“You used to be much more ‘muchier’. . . You’ve lost your muchness.”
~ The Mad Hatter in Alice in Wonderland
A few children come to mind when I consider the word muchness. My daughter is one. There is much muchness to her spirit and way of being in the world, whether she’s creating an original rap song or throwing her Legos against the wall in frustration.
As an adult, I can relate to the Mad Hatter’s assessment of Alice. For we all have it, muchness, and most of us have probably lost touch with it. I was once much more ‘muchier.’ Burdened by challenges with work, finances, and relationships, it is easy to lose sight of our unique way of experiencing the world and contributing to it. Wouldn’t it be nice if we could reclaim and maintain our muchness? I would like to be someone experiencing a full existence and helping those I love to do so as well.
Richard Rohr would probably suggest we could cultivate our muchness by accessing what he calls our true self—our innermost essential being—a concept he explores in his new book Immortal Diamond. He says our true self is the part of us that is not reaching outward for affirmation but the sacred part of us that lovingly connects us with ourselves, God, and the world.
What I like about Rohr is that he guides me toward a more loving perspective of myself and others, and I think this is essential to experiencing a fuller life. It is helpful for me to think of Rohr’s concept of the true self as synonymous with love. When we love ourselves and others truly and deeply, our best self has the freedom to expand and inhabit the world.
This is what I believe shaped Jesus’ life: love. It seems to undergird nearly everything he did. While considering the last days of Jesus’ life, I see his love in the midst of physical, emotional, and spiritual suffering. Despite the hatred and violence thrust upon Jesus, he speaks of forgiveness and trust. He does not waste his energy defending himself against false testimonies. He does not spit back on those ridiculing him. If Jesus had not loved, he could have avoided such suffering.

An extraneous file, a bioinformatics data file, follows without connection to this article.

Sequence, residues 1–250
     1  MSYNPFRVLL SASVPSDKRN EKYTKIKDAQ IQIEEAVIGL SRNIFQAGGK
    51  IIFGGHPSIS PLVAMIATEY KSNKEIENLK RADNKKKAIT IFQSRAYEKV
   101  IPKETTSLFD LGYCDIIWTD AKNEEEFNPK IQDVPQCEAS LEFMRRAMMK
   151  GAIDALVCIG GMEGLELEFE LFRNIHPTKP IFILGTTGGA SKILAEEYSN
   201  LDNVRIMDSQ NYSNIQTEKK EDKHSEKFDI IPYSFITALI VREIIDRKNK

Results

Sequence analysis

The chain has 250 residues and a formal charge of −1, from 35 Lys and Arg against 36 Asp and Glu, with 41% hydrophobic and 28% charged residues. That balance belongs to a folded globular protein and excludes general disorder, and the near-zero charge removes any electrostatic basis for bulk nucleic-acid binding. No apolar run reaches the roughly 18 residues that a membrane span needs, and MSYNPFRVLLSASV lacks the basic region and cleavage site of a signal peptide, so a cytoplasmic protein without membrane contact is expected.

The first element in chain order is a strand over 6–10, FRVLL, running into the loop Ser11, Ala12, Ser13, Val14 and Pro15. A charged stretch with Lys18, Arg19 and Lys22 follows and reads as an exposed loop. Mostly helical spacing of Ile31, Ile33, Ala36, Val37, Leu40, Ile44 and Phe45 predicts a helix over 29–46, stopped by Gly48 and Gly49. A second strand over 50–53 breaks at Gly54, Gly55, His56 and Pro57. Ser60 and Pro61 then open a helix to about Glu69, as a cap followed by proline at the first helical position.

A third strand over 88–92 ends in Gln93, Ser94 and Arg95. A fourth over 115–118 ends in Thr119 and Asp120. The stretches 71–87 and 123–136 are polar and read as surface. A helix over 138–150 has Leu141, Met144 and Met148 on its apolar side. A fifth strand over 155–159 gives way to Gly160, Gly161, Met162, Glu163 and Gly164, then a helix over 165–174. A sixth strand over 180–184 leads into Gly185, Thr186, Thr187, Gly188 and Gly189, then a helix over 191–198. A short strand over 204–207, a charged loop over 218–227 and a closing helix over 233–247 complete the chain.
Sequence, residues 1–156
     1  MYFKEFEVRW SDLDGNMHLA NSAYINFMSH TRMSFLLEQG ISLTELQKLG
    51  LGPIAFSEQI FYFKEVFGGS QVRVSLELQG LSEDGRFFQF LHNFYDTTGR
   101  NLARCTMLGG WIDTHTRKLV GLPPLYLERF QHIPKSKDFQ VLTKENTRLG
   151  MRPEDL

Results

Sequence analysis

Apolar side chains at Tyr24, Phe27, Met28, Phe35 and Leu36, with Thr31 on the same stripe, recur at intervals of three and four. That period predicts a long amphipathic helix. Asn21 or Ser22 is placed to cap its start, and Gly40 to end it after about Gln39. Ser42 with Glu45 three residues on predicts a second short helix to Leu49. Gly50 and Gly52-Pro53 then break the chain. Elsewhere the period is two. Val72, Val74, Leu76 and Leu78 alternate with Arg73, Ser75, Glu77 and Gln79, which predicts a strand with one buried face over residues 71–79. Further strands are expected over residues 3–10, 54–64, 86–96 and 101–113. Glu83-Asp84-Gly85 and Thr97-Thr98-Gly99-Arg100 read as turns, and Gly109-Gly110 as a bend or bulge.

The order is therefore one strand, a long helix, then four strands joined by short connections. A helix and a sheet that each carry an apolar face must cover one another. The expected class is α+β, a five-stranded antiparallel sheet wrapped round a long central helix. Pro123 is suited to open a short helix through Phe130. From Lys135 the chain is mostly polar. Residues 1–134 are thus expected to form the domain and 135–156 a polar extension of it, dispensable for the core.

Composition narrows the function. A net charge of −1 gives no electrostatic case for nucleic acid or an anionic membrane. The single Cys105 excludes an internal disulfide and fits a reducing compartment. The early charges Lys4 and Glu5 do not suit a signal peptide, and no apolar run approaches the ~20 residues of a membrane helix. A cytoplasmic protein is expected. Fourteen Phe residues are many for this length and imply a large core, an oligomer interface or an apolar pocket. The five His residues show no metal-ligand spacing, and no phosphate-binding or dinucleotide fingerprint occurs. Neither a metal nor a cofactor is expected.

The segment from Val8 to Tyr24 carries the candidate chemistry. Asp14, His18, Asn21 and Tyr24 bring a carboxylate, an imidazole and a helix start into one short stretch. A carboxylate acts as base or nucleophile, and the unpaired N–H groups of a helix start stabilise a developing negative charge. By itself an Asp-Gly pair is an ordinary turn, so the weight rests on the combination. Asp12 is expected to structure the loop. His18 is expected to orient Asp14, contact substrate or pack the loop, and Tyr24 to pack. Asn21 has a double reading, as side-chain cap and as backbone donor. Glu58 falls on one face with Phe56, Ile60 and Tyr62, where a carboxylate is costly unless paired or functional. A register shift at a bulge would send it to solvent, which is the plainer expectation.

Being re-shaped by love, grief, and loss, just may be a requirement for muchness. We cannot be available for love if we are not open to loss and pain. This is all too apparent in the life of Mike Stavlund, who shares the process of being re-shaped by grief in his book Force of Will written in response to the death of his four-month-old son. Grief, Stavlund says, is not something to be overcome but something we can weave into the fabric of our lives.
I appreciate the holistic and realistic portrait of grief Stavlund offers and his advice to listen carefully and empathetically to those around who are suffering. If we resist the urge to offer platitudes and advice that may ease our own discomfort when someone we love is suffering, we can provide much relief to those who are grieving. Stavlund says we tend to say too much and when those we love are hurting, simply saying, “I’m sorry,” can be the best way to help those who have lost deeply. It is also the path to building empathy that extends us, helps us access our connection to the divine, our muchness.
Muchness is not some kind of armor that shields us from harm. If we focus entirely on protecting ourselves from pain and loss, we live a muted, repressed existence. I think I’d rather be throwing Legos at the wall in frustration like my daughter, than the blandness offered by a life without reckless, risky love. While this kind of love just might bring us closer to the suffering of the cross, it also offers the potential of hope and resurrection in the midst of such suffering. Muchness is what comes when we embrace ourselves and others wholly in love, rendering ourselves vulnerable to the most intense pain. Without that vulnerability we could never experience the expansive, vibrant magnificence of a life full of love.